Landowners claim early court victory in pipeline fight

Source: By Jared Strong, Iowa Capital Dispatch • Posted: Wednesday, October 12, 2022

A Woodbury County landowner was successful in fending off — at least for now — a pipeline company’s attempt to get access to her farm for a land survey. She said she hopes a judge’s recent decision is the first of many victories in a longer-term battle to prevent the use of eminent domain to build the carbon dioxide pipeline.

“I am elated, just absolutely elated,” said Vicki Hulse, who with her husband, Bill, owns a 151-acre farm, much of which is enrolled in a federal conservation program.

The Hulses were among four groups of landowners sued by Navigator CO2 Ventures in August for preventing the company from surveying their land to help determine the path and depth of its proposed pipeline. It would bisect the state from northwest to southeast with about 800 miles of pipe and transport captured carbon dioxide from ethanol plants.

State law allows the surveys after pipeline companies hold public meetings and give written notice to landowners. But several of the landowners are arguing that the law is unconstitutional because it violates their property rights.

Navigator is seeking injunctions to force the surveys — with the aid of law-enforcement officers, if necessary. It has attempted to expedite the process by asking for temporary injunctions, which would allow them to conduct the surveys before the lawsuits conclude. The company claims further delays will jeopardize the project.

“There may be some measure of economic damage, although (Navigator) presents no quantitative or qualitative evidence in this regard,” wrote District Judge Roger Sailer in his rejection of a temporary injunction on Friday. “Will that damage be irreparable? That is questionable at best.”

He said a temporary injunction is “an extraordinary remedy” that is inappropriate for the current situation because it would, in effect, leave no reason for the litigation to continue. The survey would be conducted.

“Once it occurred, there could be no undoing it,” Sailer wrote.

Andy Bates, a spokesperson for Navigator, declined to comment on the ruling and did not say whether the company will appeal the decision.

The company has four suits pending in three counties. Two of the other proceedings — in Butler and Clay counties — have pending requests for temporary injunctions with court hearings set for Wednesday, according to court records.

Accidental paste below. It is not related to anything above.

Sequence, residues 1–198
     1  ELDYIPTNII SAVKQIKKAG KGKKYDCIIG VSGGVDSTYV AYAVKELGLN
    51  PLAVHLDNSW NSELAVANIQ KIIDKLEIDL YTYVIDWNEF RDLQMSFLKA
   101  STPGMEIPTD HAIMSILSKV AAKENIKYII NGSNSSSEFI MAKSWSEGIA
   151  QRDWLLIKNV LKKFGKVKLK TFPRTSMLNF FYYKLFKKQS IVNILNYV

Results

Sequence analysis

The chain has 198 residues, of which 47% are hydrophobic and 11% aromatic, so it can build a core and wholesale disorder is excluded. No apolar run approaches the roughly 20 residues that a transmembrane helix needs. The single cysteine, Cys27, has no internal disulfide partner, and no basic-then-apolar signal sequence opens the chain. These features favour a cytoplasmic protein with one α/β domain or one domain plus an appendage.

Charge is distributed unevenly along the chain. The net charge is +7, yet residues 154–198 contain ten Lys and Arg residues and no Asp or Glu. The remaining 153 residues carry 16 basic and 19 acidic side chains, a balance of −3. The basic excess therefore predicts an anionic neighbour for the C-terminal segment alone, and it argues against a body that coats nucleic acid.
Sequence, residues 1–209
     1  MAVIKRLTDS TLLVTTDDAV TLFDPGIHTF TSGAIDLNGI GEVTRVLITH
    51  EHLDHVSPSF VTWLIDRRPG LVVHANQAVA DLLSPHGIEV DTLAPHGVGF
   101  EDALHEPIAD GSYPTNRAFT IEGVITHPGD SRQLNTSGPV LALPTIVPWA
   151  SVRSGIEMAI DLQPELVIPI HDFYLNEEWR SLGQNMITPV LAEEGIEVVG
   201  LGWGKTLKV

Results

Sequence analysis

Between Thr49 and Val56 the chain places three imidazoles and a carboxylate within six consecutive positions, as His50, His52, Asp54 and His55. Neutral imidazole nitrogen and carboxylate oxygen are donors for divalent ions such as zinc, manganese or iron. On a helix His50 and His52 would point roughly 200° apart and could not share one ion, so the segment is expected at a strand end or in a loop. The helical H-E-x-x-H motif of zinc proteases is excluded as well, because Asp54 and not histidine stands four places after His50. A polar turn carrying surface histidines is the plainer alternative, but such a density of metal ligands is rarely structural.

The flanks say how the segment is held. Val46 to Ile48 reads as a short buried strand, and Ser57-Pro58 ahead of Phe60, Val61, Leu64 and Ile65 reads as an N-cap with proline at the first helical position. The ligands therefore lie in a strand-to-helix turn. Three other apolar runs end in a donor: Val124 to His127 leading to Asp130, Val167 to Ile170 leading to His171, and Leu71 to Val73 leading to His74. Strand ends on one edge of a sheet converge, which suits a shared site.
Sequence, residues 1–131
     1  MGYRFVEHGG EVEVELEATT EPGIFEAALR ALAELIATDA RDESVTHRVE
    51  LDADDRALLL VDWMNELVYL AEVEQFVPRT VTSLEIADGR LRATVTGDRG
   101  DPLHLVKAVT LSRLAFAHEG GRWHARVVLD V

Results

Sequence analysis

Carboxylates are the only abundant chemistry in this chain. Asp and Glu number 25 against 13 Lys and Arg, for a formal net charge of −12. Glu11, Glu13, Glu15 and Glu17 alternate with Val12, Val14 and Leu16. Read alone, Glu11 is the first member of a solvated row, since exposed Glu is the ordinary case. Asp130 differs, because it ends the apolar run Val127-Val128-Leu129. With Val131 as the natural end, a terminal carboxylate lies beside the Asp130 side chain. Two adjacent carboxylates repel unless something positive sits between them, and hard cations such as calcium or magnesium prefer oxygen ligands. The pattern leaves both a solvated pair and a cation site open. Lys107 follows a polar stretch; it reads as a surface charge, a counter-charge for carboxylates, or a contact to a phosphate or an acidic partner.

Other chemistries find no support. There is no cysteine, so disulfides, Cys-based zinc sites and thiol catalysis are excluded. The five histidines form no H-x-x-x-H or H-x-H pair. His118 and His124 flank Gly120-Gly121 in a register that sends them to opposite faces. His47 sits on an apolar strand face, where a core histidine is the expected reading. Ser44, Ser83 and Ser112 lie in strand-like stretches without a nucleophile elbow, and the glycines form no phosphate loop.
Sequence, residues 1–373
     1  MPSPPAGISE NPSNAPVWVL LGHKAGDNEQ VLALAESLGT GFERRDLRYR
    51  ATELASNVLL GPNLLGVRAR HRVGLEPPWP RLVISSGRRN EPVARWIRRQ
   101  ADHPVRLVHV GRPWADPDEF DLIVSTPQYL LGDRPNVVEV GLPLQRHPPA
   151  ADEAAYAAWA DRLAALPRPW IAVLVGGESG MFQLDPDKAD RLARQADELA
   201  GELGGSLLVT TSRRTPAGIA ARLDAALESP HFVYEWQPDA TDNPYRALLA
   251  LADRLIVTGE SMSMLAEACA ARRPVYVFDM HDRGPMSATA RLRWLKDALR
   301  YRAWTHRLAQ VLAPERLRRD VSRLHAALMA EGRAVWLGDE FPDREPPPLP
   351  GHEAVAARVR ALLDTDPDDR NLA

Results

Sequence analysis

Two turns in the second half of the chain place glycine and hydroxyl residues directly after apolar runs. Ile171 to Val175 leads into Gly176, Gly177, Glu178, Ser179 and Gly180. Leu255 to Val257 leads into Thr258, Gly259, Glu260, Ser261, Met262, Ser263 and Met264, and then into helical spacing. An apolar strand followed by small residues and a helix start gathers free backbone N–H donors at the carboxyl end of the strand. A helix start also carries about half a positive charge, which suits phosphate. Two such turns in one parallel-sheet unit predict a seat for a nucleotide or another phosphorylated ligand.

Vicki Hulse said she hopes that the judges in the other cases will use Sailer’s rationale and deny those requests, too. One of the cases is set for trial in April 2023.

Navigator has argued that it needs immediate court orders for the survey work before the ground freezes, otherwise it might have to delay the work to spring. The company says the law is clear: “A pipeline company may enter upon private land for the purpose of surveying and examining the land to determine direction or depth of a pipeline by giving ten days’ written notice.”

It continues: “The entry for land surveys … shall not be deemed a trespass and may be aided by injunction.”

Sailer said the word “may” indicates that the injunctions are not automatic and that judges have discretion over whether to issue them. He did not weigh the constitutionality claims raised by the Hulses’ attorney for his Friday ruling.

Vicki Hulse said their small farm has been in the family for nearly a century, and Bill Hulse grew corn and soybeans and raised cows. He stopped farming about six years ago because of Parkinson’s disease, which stole his strength.

Bill Hulse now also suffers from dementia and lives at the Iowa Veterans Home in Marshalltown, Vicki Hulse said. His Parkinson’s is a result of contact with Agent Orange during his military service in the Vietnam War, she said.

Most of the Hulses’ farm is enrolled in the federal Conservation Reserve Program and hosts a variety of wildflowers to boost bee and other pollinator populations. Those who disturb their CRP ground can be forced to repay all of the payments they have received for the program.

That potential penalty is among the arguments Vicki Hulse will make as she attempts to block the pipeline company’s plans. She said the use of eminent domain to complete the project is wrong.

“This is just the first step to preventing that,” she said of the judge’s Friday ruling. “There’s a long ways to go.”

Another pipeline company, Summit Carbon Solutions, has also sued three sets of landowners over their alleged refusal to allow the surveys for its project. A court hearing for a temporary injunction in one of the cases is set for Oct. 24.

Hulse said she has not told her husband — because of his declining health — about the litigation or that they might be forced to give Navigator an easement to build the pipeline through their farm. She said he would have been a strong voice of opposition.

“He’d probably be more vocal than I am, rallying and doing all kinds of stuff,” Hulse said.

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